(play on words) "Just because you CAN do something in T-SQL, doesn't mean you SHOULDN'T." --22 Aug 2013

Helpful Links:
How to post code problems
How to post performance problems
Post #1424888
Posted Wednesday, February 27, 2013 10:43 PM
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Why? Please don't say "for performance reasons" until you've actually tested it. I tested all of the solutions offered so far and there's virtually no difference. Try it yourself. Here's a million row test table...


Sorry Jeff, I wasn't suggesting them for performance reasons, just other ways of doing it. I found the method the OP put up originally difficult to decipher at first glance.
Post #1424905
Posted Wednesday, February 27, 2013 11:10 PM


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mickyT (2/27/2013)

Why? Please don't say "for performance reasons" until you've actually tested it. I tested all of the solutions offered so far and there's virtually no difference. Try it yourself. Here's a million row test table...


Sorry Jeff, I wasn't suggesting them for performance reasons, just other ways of doing it. I found the method the OP put up originally difficult to decipher at first glance.


Ah. Got it. Thanks for the feedback.


--Jeff Moden
"RBAR is pronounced "ree-bar" and is a "Modenism" for "Row-By-Agonizing-Row".

First step towards the paradigm shift of writing Set Based code:
Stop thinking about what you want to do to a row... think, instead, of what you want to do to a column."

(play on words) "Just because you CAN do something in T-SQL, doesn't mean you SHOULDN'T." --22 Aug 2013

Helpful Links:
How to post code problems
How to post performance problems
Post #1424916
Posted Tuesday, August 20, 2013 2:43 PM


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Have you tried Val?
Post #1486441
Posted Tuesday, August 20, 2013 3:12 PM
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Scott Milburn (2/27/2013)
I have four tables that have a varchar data type which gets imports or daily user updates and this field is an account number field which always has a length of 10, including leading zeros. My current code uses:

UPDATE table.Statements
SET field03 = REPLACE(LTRIM(REPLACE(field03, '0', ' ')), ' ', '0')

The issue is that this runs against all four tables and takes around 5 minutes. After the code runs, I see that it touched every record, which I don't want. I just want the code to look at the rows that this field needs to be changed on and disregard the previously trimmed rows.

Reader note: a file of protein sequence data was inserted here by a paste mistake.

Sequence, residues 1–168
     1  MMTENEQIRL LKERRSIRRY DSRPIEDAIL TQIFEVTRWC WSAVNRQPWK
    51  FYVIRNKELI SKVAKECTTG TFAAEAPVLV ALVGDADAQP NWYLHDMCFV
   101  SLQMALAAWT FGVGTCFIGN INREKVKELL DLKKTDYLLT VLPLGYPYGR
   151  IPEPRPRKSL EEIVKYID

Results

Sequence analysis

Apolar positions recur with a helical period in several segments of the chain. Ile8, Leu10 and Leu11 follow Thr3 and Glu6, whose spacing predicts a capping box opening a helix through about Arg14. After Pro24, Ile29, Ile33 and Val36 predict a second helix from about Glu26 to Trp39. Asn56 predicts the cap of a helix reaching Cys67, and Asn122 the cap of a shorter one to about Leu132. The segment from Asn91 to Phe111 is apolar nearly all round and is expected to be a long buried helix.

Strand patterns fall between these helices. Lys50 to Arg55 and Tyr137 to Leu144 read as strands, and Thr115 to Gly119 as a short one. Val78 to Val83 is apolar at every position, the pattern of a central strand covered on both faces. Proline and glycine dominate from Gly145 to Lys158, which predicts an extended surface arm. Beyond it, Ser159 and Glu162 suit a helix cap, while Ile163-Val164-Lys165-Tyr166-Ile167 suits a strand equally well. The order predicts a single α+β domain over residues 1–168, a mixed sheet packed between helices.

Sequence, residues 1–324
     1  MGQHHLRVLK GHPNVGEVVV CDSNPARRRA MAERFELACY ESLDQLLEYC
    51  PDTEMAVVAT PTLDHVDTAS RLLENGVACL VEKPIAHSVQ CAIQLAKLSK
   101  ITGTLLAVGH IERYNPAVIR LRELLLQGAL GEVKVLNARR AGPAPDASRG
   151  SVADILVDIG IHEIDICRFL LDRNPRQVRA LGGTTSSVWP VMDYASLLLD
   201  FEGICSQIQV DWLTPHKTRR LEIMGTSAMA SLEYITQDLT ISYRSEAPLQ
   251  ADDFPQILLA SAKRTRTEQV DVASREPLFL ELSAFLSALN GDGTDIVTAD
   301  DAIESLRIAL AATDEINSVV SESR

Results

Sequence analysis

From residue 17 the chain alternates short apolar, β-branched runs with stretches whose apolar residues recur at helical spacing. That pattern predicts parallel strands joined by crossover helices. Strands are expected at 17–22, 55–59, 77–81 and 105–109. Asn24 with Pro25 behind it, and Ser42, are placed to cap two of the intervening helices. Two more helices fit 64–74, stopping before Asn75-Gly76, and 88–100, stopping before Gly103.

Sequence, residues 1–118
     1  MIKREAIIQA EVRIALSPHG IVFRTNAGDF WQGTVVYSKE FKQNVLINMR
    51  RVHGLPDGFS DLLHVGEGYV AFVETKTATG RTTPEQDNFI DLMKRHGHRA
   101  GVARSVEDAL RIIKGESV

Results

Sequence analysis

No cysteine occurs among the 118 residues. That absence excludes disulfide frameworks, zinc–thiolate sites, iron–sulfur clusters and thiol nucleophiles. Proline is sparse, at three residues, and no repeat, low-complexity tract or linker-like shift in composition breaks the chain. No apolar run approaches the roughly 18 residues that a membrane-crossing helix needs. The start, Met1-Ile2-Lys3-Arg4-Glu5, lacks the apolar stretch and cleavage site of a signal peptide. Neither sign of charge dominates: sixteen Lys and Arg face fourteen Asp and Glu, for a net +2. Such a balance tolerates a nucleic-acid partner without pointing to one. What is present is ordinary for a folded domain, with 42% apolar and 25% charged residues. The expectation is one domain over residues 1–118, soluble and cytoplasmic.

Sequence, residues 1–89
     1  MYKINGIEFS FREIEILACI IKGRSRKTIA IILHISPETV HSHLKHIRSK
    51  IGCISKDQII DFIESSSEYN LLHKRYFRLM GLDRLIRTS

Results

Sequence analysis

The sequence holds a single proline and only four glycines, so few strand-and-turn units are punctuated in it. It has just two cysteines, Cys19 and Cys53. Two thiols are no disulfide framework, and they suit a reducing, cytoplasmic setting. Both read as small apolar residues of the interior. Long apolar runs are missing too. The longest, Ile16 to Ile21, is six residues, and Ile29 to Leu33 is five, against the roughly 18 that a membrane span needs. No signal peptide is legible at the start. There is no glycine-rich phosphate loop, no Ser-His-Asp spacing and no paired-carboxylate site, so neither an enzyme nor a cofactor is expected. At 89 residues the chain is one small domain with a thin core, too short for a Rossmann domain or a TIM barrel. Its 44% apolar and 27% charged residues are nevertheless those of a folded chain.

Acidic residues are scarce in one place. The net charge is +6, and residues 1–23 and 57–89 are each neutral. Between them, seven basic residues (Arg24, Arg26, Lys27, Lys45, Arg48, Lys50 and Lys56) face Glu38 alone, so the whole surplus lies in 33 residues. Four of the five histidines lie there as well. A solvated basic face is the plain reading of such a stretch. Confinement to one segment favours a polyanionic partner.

I know I need some kind of IF statement to accomplish this, but not sure how.

TIA, Scott


If the majority of rows do not need to be updated, then you could just do this:
UPDATE table.Statements
SET field03 = REPLACE(LTRIM(REPLACE(field03, '0', ' ')), ' ', '0')
WHERE field03 <> REPLACE(LTRIM(REPLACE(field03, '0', ' ')), ' ', '0')

It would still have to look at every row, but the actual update would be avoided and that is the most expensive part of the process.



Post #1486447
Posted Tuesday, August 20, 2013 10:54 PM


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If anybody cares, here's my vote:

WITH CTE AS (
SELECT Field03
FROM #TestTable
WHERE Field03 LIKE '0%')
UPDATE CTE
SET Field03 = REPLACE(LTRIM(REPLACE(Field03 COLLATE LATIN1_GENERAL_BIN , '0', ' ')), ' ', '0');


Using Jeff's test harness, the CTE seemed to give a slight performance boost over methods that didn't use the CTE to limit the target row set.

And the Binary collation sequence is a known "feature" of REPLACE:
http://connect.microsoft.com/SQLServer/feedback/details/512459/replace-function-extremely-slow-with-non-binary-windows-collation

Edit: Attached my test harness in case anyone wants to offer a critique.



My mantra: No loops! No CURSORs! No RBAR! Hoo-uh!

My thought question: Have you ever been told that your query runs too fast?

My advice:
INDEXing a poor-performing query is like putting sugar on cat food. Yeah, it probably tastes better but are you sure you want to eat it?
The path of least resistance can be a slippery slope. Take care that fixing your fixes of fixes doesn't snowball and end up costing you more than fixing the root cause would have in the first place.


Need to UNPIVOT? Why not CROSS APPLY VALUES instead?
Since random numbers are too important to be left to chance, let's generate some!
Learn to understand recursive CTEs by example.
Splitting strings based on patterns can be fast!